First, within much of Europe, especially in France, they see the CPP through a Paris frame. Most articles and commentary have drawn links to the upcoming Paris climate conference in December, describing the CPP as “an important signal for the climate change conference in Paris” (Bild, Germany). French President Francois Hollande, quoted in Le Monde, said the plan would be a “major contribution to the success” of the Paris conference. Almost immediately upon release of the final CPP, Miguel Arias Canete, the EU’s commissioner for climate action and energy, took to Twitter to praise the plan as a “positive step forward” to cut emissions by the world’s second-largest carbon polluter. The plan “shows US commitment to underpin its international climate pledge with domestic action,” Canete said.

Prelude to Paris

In a piece in Le Monde, entitled “Climate Change, Barack Obama’s Great Challenge,” the authors quoted French president François Hollande, who said this first plan to limit U.S. power plant emissions would be a “major contribution to the success” of the 30 November – 11 December UN conference his country will host to ink a new global climate deal.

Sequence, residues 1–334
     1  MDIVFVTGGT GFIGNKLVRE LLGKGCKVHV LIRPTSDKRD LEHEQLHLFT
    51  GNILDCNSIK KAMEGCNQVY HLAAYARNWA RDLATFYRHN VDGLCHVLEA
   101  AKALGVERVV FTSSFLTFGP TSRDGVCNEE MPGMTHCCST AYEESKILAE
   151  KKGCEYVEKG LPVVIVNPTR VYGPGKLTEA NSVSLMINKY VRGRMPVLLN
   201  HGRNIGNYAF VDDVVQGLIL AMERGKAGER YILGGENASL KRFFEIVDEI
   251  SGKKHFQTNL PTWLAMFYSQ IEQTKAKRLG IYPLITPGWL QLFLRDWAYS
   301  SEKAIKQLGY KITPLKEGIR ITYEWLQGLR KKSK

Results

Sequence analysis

Hollande also hailed Obama’s “courage” in the face of Republican recriminations and the threat of legal action by the lobbying group American Coalition for Clean Coal Electricity. In an editorial in Le Monde, critics went even further, stating that Obama was setting an example for the world: “François Hollande dreams about it, Barack Obama proves it: a second and final term in office allows you to take initiatives formerly deemed too risky. After restoring relations with Cuba and negotiating the agreement with Iran, the American President has just introduced an ambitious plan to reduce polluting sources of energy and to tackle global warming.” Because of the shale gas revolution in the U.S., the landscape has changed and there has been a “revolution shaking the reign of coal. . . . This new equation allows for a transition that avoids a brutal questioning of the energy-bulimic American way of life.”